What do Bulgaria and Canna have in common?

Apparently in the 1980s, Bulgaria was expecting its 9
millionth citizen (actually “9 millionth comrade” may be the more accurate terminology
for back then…) That 9 millionth Bulgarian didn’t come. Since then, there has
been the emigration of around 300,000 Turkish Bulgarians in the mid-1980s as
well as the emigration of up to 1 million Bulgarians following the fall of communism
in 1989.  In 2001, there were 7,932,984
Bulgarians.  According to the latest
census figures
, that number is now only 7,351,234, a drop of about 7% in a
decade. This has led to the country becoming obsessed with its demographic future,
with some fearing that the country will continue to decline until it disappears
sometime in the near future.

Another population decline in Europe is even more severe.
Over the past 180 years the population has declined to just 6% of its 1821
level. This is a population crisis of the most remarkable kind.  I am of course, talking about the island of
Canna, the westernmost of the Small Isles archipelago in the Inner Hebrides,
off the coast of Western Scotland. In 1821, the island was home to over 400
people, but the population has fluctuated over the last few decades around the
two dozen mark.  Although over 350 people
from around the world applied for the chance to live at the remote island in
2007, three couples have left recently bringing the population down to just 11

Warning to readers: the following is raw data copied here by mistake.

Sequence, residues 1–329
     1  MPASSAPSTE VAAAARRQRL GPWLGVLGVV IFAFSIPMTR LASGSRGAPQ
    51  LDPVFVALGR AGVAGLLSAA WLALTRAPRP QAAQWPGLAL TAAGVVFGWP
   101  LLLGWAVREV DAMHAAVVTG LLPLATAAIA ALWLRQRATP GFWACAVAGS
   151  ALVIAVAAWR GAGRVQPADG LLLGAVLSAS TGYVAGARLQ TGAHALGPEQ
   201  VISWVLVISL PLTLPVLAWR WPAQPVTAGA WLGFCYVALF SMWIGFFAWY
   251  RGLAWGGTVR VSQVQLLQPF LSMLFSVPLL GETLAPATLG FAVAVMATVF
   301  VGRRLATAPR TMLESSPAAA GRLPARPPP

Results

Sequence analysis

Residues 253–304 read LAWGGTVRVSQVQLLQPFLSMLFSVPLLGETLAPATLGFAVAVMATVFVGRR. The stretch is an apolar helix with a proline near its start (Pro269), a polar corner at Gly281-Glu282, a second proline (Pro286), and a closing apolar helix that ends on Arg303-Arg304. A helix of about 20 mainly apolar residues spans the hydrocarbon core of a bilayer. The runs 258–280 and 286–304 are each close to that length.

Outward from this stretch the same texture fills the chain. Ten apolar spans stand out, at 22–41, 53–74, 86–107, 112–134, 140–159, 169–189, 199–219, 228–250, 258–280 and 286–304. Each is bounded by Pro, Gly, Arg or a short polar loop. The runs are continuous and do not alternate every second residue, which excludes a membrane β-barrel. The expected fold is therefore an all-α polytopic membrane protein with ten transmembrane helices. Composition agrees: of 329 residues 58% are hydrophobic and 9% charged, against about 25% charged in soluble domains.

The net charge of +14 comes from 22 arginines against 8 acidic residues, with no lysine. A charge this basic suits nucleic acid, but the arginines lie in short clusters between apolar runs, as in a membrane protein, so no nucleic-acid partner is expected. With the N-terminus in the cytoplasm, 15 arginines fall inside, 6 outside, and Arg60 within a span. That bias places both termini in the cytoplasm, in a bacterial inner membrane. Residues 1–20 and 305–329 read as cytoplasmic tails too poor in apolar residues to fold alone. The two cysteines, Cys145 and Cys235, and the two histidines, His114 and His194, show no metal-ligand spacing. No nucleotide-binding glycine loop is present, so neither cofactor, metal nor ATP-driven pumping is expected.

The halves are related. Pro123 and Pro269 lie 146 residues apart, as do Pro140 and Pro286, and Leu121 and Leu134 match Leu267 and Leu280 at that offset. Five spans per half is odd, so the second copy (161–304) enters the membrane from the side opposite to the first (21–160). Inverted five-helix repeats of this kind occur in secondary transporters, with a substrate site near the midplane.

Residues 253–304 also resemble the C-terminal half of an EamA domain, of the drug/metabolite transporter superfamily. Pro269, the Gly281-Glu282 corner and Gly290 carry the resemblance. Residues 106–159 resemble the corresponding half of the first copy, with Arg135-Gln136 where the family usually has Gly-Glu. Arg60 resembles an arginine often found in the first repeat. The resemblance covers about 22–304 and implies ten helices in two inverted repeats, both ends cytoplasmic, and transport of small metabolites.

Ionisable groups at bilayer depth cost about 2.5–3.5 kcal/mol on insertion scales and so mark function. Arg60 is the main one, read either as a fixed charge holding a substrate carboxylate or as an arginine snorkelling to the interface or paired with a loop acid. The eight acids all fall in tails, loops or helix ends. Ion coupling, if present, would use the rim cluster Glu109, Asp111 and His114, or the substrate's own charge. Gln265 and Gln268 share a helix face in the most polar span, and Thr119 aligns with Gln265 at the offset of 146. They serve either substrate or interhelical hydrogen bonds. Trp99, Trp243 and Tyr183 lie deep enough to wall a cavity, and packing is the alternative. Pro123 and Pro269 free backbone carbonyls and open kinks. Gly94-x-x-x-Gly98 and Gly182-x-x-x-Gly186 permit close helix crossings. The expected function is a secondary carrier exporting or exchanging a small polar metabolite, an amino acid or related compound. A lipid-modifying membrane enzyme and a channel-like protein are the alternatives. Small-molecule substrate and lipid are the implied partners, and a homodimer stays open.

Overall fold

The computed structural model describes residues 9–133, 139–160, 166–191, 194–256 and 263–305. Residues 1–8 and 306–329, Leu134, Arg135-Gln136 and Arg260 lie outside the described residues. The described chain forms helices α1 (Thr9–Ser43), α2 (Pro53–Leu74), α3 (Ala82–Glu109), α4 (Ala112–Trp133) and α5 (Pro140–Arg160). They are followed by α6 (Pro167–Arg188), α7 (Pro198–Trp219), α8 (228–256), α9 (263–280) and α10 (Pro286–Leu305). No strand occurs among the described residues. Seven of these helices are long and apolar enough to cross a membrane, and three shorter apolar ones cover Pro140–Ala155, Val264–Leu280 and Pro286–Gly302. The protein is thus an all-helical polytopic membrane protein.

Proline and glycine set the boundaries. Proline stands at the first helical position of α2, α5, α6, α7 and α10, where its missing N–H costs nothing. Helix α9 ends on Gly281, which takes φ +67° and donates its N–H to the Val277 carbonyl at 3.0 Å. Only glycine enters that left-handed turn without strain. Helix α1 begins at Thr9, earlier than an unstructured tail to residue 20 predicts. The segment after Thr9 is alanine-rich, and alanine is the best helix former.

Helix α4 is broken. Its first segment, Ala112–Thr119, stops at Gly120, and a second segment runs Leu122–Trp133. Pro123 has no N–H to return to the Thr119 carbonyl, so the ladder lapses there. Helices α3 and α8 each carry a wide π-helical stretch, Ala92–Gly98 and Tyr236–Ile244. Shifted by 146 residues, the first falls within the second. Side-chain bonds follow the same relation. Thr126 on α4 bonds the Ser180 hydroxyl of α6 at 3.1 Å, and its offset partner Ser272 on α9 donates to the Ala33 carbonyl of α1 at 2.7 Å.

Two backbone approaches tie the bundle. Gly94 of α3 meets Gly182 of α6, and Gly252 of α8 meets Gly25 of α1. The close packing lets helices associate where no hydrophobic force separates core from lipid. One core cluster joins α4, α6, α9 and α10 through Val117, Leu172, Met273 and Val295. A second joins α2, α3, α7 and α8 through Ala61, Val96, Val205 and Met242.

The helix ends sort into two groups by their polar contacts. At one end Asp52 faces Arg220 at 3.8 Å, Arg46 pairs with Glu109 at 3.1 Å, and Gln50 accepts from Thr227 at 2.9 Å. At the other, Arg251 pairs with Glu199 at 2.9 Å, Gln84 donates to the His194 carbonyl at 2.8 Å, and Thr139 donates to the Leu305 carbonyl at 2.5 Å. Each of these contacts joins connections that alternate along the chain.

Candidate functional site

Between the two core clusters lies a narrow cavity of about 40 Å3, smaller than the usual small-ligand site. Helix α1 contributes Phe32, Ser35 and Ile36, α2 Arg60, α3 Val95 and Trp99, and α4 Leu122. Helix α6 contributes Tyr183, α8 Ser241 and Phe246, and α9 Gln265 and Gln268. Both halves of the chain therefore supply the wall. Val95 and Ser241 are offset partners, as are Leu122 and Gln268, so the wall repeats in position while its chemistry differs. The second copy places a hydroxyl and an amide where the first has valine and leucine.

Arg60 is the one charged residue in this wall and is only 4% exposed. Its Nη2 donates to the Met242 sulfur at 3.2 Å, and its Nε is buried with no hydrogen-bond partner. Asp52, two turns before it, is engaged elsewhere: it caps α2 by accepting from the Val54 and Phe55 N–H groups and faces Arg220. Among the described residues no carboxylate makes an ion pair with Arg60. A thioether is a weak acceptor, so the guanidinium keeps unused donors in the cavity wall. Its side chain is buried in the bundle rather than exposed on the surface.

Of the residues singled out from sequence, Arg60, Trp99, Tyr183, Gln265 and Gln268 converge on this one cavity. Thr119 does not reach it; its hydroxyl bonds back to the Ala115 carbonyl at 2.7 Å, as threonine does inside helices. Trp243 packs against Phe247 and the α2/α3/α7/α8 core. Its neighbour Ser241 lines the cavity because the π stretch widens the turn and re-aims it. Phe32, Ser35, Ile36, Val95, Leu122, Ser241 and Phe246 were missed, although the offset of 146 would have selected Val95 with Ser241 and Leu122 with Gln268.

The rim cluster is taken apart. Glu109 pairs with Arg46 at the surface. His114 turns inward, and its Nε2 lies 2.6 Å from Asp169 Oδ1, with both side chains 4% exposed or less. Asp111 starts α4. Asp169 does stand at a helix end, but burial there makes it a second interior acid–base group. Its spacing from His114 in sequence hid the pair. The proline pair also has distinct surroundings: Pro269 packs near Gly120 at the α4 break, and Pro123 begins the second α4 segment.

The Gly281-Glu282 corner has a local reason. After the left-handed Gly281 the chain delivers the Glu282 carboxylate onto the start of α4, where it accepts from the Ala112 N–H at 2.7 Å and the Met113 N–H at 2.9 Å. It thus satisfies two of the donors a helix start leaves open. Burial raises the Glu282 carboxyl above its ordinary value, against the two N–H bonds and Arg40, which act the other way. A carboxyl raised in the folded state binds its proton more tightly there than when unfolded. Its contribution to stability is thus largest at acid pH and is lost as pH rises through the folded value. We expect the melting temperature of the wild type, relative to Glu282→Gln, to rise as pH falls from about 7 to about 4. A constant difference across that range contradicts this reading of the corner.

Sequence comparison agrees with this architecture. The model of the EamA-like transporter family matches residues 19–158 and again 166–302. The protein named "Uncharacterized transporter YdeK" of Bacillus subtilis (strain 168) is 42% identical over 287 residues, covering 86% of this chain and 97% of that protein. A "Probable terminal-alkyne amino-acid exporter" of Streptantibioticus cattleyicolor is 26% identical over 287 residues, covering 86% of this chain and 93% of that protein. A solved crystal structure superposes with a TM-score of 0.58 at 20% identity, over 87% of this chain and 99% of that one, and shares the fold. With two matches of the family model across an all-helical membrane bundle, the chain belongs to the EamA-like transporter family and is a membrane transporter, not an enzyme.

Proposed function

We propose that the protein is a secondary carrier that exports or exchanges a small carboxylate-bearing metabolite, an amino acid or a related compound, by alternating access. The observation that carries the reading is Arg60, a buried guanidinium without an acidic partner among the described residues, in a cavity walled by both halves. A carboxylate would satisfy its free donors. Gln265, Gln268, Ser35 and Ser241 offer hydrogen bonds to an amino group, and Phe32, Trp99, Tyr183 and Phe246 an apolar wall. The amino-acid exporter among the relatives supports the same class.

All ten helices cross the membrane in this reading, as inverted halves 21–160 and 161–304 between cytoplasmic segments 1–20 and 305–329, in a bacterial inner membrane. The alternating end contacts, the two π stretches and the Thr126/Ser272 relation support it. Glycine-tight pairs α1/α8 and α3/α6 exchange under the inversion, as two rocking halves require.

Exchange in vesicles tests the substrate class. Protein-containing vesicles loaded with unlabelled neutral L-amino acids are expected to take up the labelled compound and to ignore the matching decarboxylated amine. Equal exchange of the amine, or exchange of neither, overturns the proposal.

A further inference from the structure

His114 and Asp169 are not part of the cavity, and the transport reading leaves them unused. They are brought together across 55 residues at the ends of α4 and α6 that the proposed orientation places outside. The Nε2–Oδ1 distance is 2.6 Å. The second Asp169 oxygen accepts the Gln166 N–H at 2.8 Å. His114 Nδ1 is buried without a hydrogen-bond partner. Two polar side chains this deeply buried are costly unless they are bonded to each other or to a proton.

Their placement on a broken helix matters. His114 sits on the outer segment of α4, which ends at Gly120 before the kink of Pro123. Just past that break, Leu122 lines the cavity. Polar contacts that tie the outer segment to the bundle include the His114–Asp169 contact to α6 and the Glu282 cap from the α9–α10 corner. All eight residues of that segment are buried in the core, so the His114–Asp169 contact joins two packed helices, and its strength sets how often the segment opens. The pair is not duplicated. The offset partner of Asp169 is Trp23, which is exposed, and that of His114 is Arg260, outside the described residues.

according to the Guardian

Er, make that just 15 according to the Daily Mail. 

(Frankly, if we
cannot get a consensus on an island’s population that is literally able to be
counted on one person’s fingers and toes, why does anyway trust population
predictions for the entire world??)

Apparently people are having a hard time living
in a remote island which endures harsh, long winters and has a tiny community subject
to various, natural social tensions. Another reason that has been mentioned is
that the National Trust of Scotland, which owns the island, must administer it
according to the deed of trust which does not allow inhabitants to own or build
their own houses. According to Alexander Bennet, the National Trust of Scotland’s
highlands and islands manager, this problem is “a chance to bring in fresh
blood and hopefully find a balance. It will work for some, but it won’t work
for others.”

So, if you like the wild beauty of the Hebrides, this is
your chance to be “fresh blood” and help reverse population decline in one
small part of the world.  The trust’s
website is here if you wish to apply. 
However, if you are Bulgarian, maybe you should think about staying at home and
boosting your homeland’s population.    


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